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New Microsoft Azure Data Centers Planned For Arizona

‘As part of our plans to support the growing demand for cloud and internet services in Arizona and across the western United States, Microsoft recently purchased land at two locations in Goodyear, Arizona, where we intend to develop world-class data center facilities,’ a Microsoft spokesperson said.

Microsoft plans to expand its western U.S. cloud infrastructure with two new Azure data center facilities on two parcels of land that it recently purchased in Arizona.

The parcels are located about 10 miles apart in Goodyear, Arizona, in the metro Phoenix area.

“As part of our plans to support the growing demand for cloud and internet services in Arizona and across the western United States, Microsoft recently purchased land at two locations in Goodyear, Arizona, where we intend to develop world-class data center facilities,” a Microsoft spokesperson said. “Although early in our development process, we're making the commitment to pursue LEED Gold certification for the facilities we develop in Arizona.”

Microsoft would not disclose the timetable for the data centers’ openings or the number of availability zones planned for each.

The cloud platform provider currently has 46 data center regions, including two recently announced Azure Government Secret data centers in undisclosed locations, and it has announced plans for eight more. It currently has Western U.S. data center regions in California, Washington and Wyoming.

Arizona’s Goodyear City Council in February approved a development agreement for the expedited construction of the first two of five planned Microsoft Azure data center buildings on the 279-acre property near Phoenix Goodyear Airport that Microsoft purchased last year for approximately $48 million, according to The Arizona Republic newspaper. The agreement stipulates that each of the five buildings will require no more than 1 million gallons of water per day, and that a maximum amount of 5 million gallons of water can be delivered to the site.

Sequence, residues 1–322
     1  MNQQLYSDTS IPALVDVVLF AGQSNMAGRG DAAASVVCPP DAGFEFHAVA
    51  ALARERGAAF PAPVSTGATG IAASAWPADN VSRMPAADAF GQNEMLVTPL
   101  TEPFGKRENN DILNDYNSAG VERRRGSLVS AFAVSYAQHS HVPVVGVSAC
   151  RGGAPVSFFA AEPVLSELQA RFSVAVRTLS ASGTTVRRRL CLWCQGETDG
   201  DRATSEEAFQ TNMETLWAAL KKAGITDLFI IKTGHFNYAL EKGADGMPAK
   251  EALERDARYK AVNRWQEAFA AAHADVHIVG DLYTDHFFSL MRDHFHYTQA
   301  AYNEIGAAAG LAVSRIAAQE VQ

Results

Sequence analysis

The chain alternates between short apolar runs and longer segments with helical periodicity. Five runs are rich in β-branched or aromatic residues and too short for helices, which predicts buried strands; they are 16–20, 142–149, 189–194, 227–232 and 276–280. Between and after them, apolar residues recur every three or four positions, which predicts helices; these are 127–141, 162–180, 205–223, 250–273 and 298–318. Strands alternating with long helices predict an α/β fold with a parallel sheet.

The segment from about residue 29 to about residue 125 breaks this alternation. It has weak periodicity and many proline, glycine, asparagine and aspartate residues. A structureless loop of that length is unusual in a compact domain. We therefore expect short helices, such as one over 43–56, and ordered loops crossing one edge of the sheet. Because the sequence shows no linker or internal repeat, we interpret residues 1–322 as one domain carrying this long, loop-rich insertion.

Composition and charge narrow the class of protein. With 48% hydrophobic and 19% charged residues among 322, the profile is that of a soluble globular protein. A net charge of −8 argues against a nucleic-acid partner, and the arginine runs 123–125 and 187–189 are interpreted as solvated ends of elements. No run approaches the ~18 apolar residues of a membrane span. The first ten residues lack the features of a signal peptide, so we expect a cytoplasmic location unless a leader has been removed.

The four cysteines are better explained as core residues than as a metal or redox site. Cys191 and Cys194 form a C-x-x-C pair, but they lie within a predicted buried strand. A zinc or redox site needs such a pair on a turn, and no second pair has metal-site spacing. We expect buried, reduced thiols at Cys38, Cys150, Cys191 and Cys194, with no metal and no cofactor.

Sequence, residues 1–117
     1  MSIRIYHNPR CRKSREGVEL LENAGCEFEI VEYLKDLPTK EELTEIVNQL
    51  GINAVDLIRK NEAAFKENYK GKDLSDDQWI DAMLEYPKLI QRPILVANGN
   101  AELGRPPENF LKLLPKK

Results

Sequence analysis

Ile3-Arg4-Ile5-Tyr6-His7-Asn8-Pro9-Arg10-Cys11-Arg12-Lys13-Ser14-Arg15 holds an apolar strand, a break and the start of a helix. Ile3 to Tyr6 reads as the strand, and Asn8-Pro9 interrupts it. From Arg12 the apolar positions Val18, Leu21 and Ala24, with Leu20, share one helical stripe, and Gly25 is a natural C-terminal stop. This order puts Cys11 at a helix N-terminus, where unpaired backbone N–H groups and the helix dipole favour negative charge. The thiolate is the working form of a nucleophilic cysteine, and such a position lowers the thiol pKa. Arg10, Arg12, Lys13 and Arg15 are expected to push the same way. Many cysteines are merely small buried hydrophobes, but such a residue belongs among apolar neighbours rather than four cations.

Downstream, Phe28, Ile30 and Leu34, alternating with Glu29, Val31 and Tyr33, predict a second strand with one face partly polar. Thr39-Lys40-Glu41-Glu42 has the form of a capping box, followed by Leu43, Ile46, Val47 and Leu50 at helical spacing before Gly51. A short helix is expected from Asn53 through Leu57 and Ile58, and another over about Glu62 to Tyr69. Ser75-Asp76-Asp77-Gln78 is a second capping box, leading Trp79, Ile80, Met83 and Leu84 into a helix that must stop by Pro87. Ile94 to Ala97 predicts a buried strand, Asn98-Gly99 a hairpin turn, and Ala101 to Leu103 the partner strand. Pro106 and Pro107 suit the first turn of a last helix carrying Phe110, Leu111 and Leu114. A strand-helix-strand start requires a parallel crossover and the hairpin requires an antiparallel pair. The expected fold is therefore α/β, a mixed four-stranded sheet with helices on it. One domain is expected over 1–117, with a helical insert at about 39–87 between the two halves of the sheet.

A Microsoft spokesperson said the company’s data center designs are “more energy- and water-efficient than traditional enterprise data centers and certifying the facilities under the U.S. Green Building Council’s LEED volume program will help conserve additional resources including energy and water, generate less waste, and support human health.”

Microsoft paid another $37 million last week for the second Goodyear parcel, which comprises 147 more acres, according to The Arizona Republic.

Goodyear looks to become a hub for data centers.

Dallas-based Stream Data Centers in February also announced it acquired a 418,000-square-foot facility on 157 acres in Goodyear with plans to develop a data center campus for hyper-scale and enterprise customers that will contain approximately 50 megawatts of critical load at full build-out.

“The Phoenix market has quickly emerged as one of the top destinations in the Western U.S. for enterprise and cloud companies,” Robert Kennedy, co-managing partner of Stream Data Centers, said in a statement at the time. “A pro-business environment with a great sales tax-incentive program, low risk of natural disaster and low latency to major markets on the West Coast, Midwest and Texas have fueled tremendous growth for this market.”

And Vantage Data Centers, based in Santa Clara, Calif., in January said it acquired 50 acres of land in Goodyear to build its largest database campus to date at more than 1 million square feet with 160 megawatts of critical load.

 

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